The staff of Blue Mesa Review is comprised of current creative writing MFA students from the University of New Mexico. One of the coolest things about our program is working for Blue Mesa Review. But another great thing that a lot of us get to do is work for the Taos Summer Writers’ Conference, which was founded 16 years ago by UNM faculty member, Sharon Oard Warner.
The Conference, which happens each July in beautiful Taos, New Mexico, was originally founded in order to create a link between the University of New Mexico and the D.H. Lawrence Ranch, the only property that the novelist ever owned, located just outside of Taos. For years, the Conference has taken loads of participants to the Ranch, had fellows stay in the fellowship cabin before the property fell into disrepair, and created, at least for one magical week in July, that thing that Lawrence so desired: a utopian society where writers and artists of all kinds can go to create and commune.
In this way, the Taos Summer Writers’ Conference and Blue Mesa Review are two ways that we get to participate in the rich literary history that exists in New Mexico. Our magazine was founded 25 years ago by Rudolfo Anaya and others as a way for literature from and about the Southwest to infiltrate a national and international literary conversation. And now, Sharon Oard Warner is taking that link one step further by offering online writing courses through Rananim–The Online Writing Community of the Taos Summer Writer’s Conference.
Rananim—derived from the Hebrew word for rejoice—is the name D. H. Lawrence gave to his dream of a congenial community of writers and artists. The eleven months the novelist spent at the “Kiowa Ranch,” as it was known in his time, were the closest he ever came to establishing his utopian society. In 1955, Frieda Lawrence deeded the property to the University of New Mexico with the provision that the Ranch be used for educational and recreational purposes and that it be open to the public. Unfortunately, the last decade has been a difficult one for the property, which is in need of restoration and renovation.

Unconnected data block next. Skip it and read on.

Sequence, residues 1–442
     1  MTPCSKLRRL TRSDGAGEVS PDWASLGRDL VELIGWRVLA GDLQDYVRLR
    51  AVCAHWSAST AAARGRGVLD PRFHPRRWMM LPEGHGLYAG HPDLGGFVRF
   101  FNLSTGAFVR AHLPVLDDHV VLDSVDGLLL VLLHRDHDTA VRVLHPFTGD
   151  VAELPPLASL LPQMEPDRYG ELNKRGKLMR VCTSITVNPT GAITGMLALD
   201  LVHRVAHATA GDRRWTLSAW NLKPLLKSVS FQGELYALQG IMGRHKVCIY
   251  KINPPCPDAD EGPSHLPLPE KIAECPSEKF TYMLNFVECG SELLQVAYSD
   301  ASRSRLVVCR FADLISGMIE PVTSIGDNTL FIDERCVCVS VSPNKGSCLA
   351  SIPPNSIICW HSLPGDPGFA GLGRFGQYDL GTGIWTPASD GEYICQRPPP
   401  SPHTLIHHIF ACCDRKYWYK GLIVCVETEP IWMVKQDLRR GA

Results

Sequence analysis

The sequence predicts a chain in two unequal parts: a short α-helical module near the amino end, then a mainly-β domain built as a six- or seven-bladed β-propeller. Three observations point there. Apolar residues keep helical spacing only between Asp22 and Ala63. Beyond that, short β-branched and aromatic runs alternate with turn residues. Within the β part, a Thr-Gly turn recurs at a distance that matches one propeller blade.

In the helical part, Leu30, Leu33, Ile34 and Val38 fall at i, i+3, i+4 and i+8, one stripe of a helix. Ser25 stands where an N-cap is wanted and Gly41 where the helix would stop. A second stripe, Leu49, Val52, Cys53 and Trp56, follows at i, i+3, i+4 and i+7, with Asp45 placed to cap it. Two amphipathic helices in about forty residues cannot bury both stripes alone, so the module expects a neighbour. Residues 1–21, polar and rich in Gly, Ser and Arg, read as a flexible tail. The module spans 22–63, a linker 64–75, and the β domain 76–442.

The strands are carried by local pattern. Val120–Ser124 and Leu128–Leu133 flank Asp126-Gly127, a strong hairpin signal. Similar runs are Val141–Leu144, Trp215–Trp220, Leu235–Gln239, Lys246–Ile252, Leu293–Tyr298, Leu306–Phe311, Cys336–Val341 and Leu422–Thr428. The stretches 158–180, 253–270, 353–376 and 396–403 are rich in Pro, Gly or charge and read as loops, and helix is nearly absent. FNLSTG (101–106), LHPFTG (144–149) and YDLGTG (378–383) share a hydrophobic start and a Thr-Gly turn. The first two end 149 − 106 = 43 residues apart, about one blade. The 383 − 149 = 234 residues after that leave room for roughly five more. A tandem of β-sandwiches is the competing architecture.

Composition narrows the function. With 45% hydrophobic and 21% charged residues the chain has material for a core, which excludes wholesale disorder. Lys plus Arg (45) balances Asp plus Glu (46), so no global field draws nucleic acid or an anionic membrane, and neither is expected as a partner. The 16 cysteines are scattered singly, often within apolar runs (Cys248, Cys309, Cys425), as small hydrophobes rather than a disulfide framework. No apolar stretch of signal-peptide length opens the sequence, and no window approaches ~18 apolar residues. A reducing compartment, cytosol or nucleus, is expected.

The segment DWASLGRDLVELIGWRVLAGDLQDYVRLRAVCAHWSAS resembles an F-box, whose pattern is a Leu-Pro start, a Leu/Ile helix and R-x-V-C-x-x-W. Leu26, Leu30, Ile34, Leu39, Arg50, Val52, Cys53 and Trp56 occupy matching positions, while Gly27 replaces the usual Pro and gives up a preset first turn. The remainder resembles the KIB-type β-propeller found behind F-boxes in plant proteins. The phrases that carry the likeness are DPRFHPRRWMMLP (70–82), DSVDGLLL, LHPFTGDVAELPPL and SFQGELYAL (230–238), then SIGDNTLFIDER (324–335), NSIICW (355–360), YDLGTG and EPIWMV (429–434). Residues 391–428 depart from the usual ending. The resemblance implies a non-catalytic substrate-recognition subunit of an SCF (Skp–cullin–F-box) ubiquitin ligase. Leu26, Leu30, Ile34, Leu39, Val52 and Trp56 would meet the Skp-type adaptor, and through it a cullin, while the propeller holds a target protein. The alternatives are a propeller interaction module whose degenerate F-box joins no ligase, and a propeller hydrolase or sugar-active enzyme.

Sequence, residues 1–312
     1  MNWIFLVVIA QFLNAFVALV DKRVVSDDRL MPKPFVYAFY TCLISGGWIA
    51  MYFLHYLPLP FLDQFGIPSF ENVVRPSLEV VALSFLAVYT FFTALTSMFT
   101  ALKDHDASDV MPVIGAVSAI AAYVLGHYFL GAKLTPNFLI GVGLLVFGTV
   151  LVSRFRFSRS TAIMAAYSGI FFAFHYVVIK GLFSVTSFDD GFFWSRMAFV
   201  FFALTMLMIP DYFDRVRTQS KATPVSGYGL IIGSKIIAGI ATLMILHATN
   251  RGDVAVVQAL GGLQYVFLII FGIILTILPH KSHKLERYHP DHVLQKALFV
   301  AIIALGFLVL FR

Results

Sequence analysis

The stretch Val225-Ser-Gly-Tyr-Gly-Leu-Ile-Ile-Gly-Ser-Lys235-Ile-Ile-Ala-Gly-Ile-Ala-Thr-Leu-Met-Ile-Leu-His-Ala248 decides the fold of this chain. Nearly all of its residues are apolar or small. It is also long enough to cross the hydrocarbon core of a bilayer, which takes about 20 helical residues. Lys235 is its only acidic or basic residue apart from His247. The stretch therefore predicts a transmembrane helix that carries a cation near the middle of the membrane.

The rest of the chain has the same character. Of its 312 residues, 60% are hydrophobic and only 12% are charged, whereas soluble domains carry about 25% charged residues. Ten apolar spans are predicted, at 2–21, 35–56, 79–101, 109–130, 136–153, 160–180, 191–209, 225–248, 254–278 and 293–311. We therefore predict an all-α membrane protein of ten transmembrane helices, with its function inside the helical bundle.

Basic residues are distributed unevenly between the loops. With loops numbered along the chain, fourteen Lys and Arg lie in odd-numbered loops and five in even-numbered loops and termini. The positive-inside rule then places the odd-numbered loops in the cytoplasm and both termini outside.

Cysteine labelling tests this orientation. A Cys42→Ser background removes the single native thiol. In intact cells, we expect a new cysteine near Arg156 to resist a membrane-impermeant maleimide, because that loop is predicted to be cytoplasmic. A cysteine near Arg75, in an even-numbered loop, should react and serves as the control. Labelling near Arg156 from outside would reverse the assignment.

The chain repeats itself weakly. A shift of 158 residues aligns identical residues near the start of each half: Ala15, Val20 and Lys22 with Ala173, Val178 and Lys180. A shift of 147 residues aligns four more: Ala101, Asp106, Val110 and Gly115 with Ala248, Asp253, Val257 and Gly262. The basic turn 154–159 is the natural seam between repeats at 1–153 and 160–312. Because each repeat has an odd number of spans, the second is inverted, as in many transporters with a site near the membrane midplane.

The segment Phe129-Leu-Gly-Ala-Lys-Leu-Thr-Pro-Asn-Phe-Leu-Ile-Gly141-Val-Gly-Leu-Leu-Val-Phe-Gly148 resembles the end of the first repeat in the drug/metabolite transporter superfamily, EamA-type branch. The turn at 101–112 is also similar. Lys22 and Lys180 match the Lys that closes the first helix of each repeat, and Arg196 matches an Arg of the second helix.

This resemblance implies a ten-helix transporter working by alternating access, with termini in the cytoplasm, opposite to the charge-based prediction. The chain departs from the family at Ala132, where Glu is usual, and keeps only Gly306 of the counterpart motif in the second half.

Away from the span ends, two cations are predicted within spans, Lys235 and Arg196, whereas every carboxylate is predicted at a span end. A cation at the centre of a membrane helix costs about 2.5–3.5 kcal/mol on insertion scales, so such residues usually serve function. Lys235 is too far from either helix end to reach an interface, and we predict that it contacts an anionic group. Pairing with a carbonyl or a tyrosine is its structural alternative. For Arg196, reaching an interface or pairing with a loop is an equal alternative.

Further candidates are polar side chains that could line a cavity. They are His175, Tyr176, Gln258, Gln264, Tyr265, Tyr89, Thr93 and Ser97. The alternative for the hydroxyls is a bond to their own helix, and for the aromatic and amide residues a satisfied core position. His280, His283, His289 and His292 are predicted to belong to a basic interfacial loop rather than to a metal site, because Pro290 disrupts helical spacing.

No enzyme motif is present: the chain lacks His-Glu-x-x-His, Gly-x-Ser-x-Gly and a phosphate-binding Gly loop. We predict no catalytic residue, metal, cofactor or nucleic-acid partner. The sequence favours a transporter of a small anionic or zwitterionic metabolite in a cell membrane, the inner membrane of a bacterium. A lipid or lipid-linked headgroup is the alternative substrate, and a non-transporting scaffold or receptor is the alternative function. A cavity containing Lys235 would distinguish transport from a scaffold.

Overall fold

In keeping with Lawrence’s vision, Sharon determined to begin Rananim, which will seek to create a community of writers from around the world. Rananim will offer non-degree classes, workshops, and facilitated critiques by distinguished writers nationwide. Registration for the eight-week classes is now open. But the best part? Net proceeds from the online courses will be used to preserve and protect the D.H. Lawrence ranch, and honor Frieda Lawrence’s vision of the ranch as a venue for the arts.
We are so excited about this new program, and if you are looking for a workshop to take this fall, or if you have been longing for a nurturing writing community, look no further. Rananim courses are taught by incredible instructors, including BMR’s own faculty adviser, Emily Rapp, and all of the proceeds go to this great cause. To learn more about the project and Lawrence’s vision for a community of writers, watch this video, directed by Conference Assistant Director, Eva Lipton-Ormand.